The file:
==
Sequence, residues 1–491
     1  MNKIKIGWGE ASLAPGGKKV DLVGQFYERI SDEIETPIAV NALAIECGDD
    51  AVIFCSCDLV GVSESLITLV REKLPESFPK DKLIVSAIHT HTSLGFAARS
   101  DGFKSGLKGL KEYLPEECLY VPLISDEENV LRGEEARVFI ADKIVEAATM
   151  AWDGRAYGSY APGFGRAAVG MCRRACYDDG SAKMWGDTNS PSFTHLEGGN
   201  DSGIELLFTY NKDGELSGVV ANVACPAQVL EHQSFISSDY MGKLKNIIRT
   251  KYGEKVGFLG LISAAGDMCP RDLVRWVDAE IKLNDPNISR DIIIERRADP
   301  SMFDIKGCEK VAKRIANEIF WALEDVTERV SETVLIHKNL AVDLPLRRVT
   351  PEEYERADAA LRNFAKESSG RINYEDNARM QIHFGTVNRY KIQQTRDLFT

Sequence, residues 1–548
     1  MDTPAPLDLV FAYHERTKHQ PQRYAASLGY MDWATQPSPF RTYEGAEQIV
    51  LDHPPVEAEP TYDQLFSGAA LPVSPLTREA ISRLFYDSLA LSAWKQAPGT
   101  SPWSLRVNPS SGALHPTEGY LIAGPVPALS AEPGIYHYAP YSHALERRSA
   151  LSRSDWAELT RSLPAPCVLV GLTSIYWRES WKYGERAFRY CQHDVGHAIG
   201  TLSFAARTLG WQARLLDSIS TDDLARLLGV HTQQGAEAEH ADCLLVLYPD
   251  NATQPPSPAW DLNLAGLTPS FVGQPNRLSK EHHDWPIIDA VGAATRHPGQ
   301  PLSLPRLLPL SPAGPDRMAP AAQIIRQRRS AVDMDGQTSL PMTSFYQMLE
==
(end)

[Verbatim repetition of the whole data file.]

Sequence, residues 1–491
     1  MNKIKIGWGE ASLAPGGKKV DLVGQFYERI SDEIETPIAV NALAIECGDD
    51  AVIFCSCDLV GVSESLITLV REKLPESFPK DKLIVSAIHT HTSLGFAARS
   101  DGFKSGLKGL KEYLPEECLY VPLISDEENV LRGEEARVFI ADKIVEAATM
   151  AWDGRAYGSY APGFGRAAVG MCRRACYDDG SAKMWGDTNS PSFTHLEGGN
   201  DSGIELLFTY NKDGELSGVV ANVACPAQVL EHQSFISSDY MGKLKNIIRT
   251  KYGEKVGFLG LISAAGDMCP RDLVRWVDAE IKLNDPNISR DIIIERRADP
   301  SMFDIKGCEK VAKRIANEIF WALEDVTERV SETVLIHKNL AVDLPLRRVT
   351  PEEYERADAA LRNFAKESSG RINYEDNARM QIHFGTVNRY KIQQTRDLFT

Sequence, residues 1–548
     1  MDTPAPLDLV FAYHERTKHQ PQRYAASLGY MDWATQPSPF RTYEGAEQIV
    51  LDHPPVEAEP TYDQLFSGAA LPVSPLTREA ISRLFYDSLA LSAWKQAPGT
   101  SPWSLRVNPS SGALHPTEGY LIAGPVPALS AEPGIYHYAP YSHALERRSA
   151  LSRSDWAELT RSLPAPCVLV GLTSIYWRES WKYGERAFRY CQHDVGHAIG
   201  TLSFAARTLG WQARLLDSIS TDDLARLLGV HTQQGAEAEH ADCLLVLYPD
   251  NATQPPSPAW DLNLAGLTPS FVGQPNRLSK EHHDWPIIDA VGAATRHPGQ
   301  PLSLPRLLPL SPAGPDRMAP AAQIIRQRRS AVDMDGQTSL PMTSFYQMLE